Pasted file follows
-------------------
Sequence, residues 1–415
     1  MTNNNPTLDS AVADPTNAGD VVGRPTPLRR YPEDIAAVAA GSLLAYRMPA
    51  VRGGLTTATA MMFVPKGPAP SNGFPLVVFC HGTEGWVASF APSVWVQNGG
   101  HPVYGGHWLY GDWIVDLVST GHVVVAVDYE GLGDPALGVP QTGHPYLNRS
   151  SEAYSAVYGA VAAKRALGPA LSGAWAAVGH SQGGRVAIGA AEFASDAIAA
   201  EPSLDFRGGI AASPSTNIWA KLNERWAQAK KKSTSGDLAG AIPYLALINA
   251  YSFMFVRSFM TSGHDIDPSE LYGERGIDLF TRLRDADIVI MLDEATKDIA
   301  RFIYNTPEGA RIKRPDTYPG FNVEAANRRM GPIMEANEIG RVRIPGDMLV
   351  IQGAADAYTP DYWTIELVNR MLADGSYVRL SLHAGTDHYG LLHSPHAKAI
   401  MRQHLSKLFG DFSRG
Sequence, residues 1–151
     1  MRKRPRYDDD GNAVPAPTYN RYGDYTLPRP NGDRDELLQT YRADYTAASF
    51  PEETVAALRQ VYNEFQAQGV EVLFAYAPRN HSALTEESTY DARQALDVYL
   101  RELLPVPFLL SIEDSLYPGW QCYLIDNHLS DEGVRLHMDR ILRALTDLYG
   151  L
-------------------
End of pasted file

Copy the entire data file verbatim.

Sequence, residues 1–415
     1  MTNNNPTLDS AVADPTNAGD VVGRPTPLRR YPEDIAAVAA GSLLAYRMPA
    51  VRGGLTTATA MMFVPKGPAP SNGFPLVVFC HGTEGWVASF APSVWVQNGG
   101  HPVYGGHWLY GDWIVDLVST GHVVVAVDYE GLGDPALGVP QTGHPYLNRS
   151  SEAYSAVYGA VAAKRALGPA LSGAWAAVGH SQGGRVAIGA AEFASDAIAA
   201  EPSLDFRGGI AASPSTNIWA KLNERWAQAK KKSTSGDLAG AIPYLALINA
   251  YSFMFVRSFM TSGHDIDPSE LYGERGIDLF TRLRDADIVI MLDEATKDIA
   301  RFIYNTPEGA RIKRPDTYPG FNVEAANRRM GPIMEANEIG RVRIPGDMLV
   351  IQGAADAYTP DYWTIELVNR MLADGSYVRL SLHAGTDHYG LLHSPHAKAI
   401  MRQHLSKLFG DFSRG
Sequence, residues 1–151
     1  MRKRPRYDDD GNAVPAPTYN RYGDYTLPRP NGDRDELLQT YRADYTAASF
    51  PEETVAALRQ VYNEFQAQGV EVLFAYAPRN HSALTEESTY DARQALDVYL
   101  RELLPVPFLL SIEDSLYPGW QCYLIDNHLS DEGVRLHMDR ILRALTDLYG
   151  L